Microbiota-Gut-Brain Axis
In recent years, interdisciplinary research has demonstrated strong evidence for the existence of a bidirectional signaling between the intestine and the brain, the so-called “gut-brain axis.” This communication system integrates neural, hormonal and immunological signaling between the gut and the brain. Scientists have expanded this axis concept to a “microbiota-gut-brain axis,” since not only the intestinal tract itself can affect the brain, but its microbial inhabitants can too.

In one direction, the gut microbiota and its metabolites may modulate the peripheral and central nervous system, influencing brain development and function; in the other direction, the brain may affect gastrointestinal functions such as motility, secretion, blood flow and mucin production, as well as the immune system and microbiota composition.

Conclusion
It is well understood that the diet has a significant impact on the microbiota. Hence, dietary interventions can beneficially modulate microbial diversity and function. Prebiotics as well as probiotics and other significant dietary interventions, including dietary fats and polyphenols, also pose potential to alter the gut-brain axis, and consequently, neuropsychiatric disorders (“psychobiotics”), and may be feasible as long-term interventions for mental health.

In conclusion, diet-induced gut microbiota modifications may be associated with brain dysfunction, behavioral and metabolic deficiencies. The emerging evidence of a microbiota-gut-brain axis dysregulation in certain neuropsychiatric disorders warrants further clinical and in vivo studies to investigate gut microbiota-targeted interventions as novel therapeutic strategies.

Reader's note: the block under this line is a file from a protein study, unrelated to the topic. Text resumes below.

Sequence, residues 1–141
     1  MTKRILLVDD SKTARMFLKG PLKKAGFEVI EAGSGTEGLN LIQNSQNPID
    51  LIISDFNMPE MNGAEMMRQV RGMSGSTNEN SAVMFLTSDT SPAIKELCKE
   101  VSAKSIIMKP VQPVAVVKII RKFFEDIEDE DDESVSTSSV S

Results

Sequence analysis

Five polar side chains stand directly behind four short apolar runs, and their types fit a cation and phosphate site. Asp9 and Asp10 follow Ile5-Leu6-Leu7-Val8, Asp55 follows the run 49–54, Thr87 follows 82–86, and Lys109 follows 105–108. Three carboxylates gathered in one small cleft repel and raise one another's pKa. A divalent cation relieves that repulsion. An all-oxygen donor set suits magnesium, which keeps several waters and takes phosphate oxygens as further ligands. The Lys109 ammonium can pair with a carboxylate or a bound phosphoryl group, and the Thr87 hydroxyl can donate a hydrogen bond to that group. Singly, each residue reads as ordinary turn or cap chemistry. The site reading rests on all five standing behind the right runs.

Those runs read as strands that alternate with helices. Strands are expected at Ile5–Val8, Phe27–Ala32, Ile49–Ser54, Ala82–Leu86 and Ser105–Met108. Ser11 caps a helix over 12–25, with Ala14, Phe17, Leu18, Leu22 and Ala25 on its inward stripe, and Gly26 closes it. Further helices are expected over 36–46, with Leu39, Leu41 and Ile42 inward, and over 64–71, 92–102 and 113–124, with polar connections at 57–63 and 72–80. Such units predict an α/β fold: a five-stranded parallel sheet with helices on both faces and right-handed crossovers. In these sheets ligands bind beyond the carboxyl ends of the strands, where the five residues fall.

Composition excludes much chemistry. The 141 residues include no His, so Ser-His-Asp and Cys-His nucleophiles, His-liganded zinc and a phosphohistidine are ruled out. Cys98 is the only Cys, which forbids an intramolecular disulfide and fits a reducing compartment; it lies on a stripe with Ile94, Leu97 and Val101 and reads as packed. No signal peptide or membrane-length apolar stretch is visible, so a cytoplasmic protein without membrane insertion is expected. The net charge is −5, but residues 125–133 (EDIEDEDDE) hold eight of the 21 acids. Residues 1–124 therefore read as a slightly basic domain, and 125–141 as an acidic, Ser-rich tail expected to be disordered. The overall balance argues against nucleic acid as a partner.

References
  • Caracciolo, B. 2014. Cognitive decline, dietary factors and gut-brain interactions. Mechanisms of Ageing and Development. 136-137: 59–69.
  • Oriach, CS. 2016. Food for thought: The role of nutrition in the microbiota-gut-brain axis. Clinical Nutrition Experimental. 6: 25-38.
  • Marques, TM. 2014. Gut microbiota modulation and implications for host health: Dietary strategies to influence the gut–brain axis. Innovative Food Science and Emerging Technologies. 22: 239–247.

Dilip Ghosh, PhD, FACN
nutriConnect

Dilip Ghosh, PhD, FACN, is director of nutriConnect, based in Sydney, Australia. He is also professionally involved with Soho Flordis International, the University of Western Sydney, Australia, and is an Honorary Ambassador with the Global Harmonization Initiative (GHI). Dr. Ghosh received his PhD in biomedical science from University of Calcutta, India. He has been involved in drug-development (both synthetic and natural) and functional food research and development both in academic and industry domains. Dr. Ghosh has published more than 70 papers in peer-reviewed journals, and he has authored three recent books: “Biotechnology in Functional Foods and Nutraceuticals,” “Innovation in Healthy and Functional Foods,” and “Clinical Perspective of Functional Foods and Nutraceuticals” under CRC Press. His next book, “Pharmaceuticals to Nutraceuticals: A Shift in Disease Prevention,” is in press. He can be reached at dilipghosh@nutriconnect.com.au; www.nutriconnect.com.au.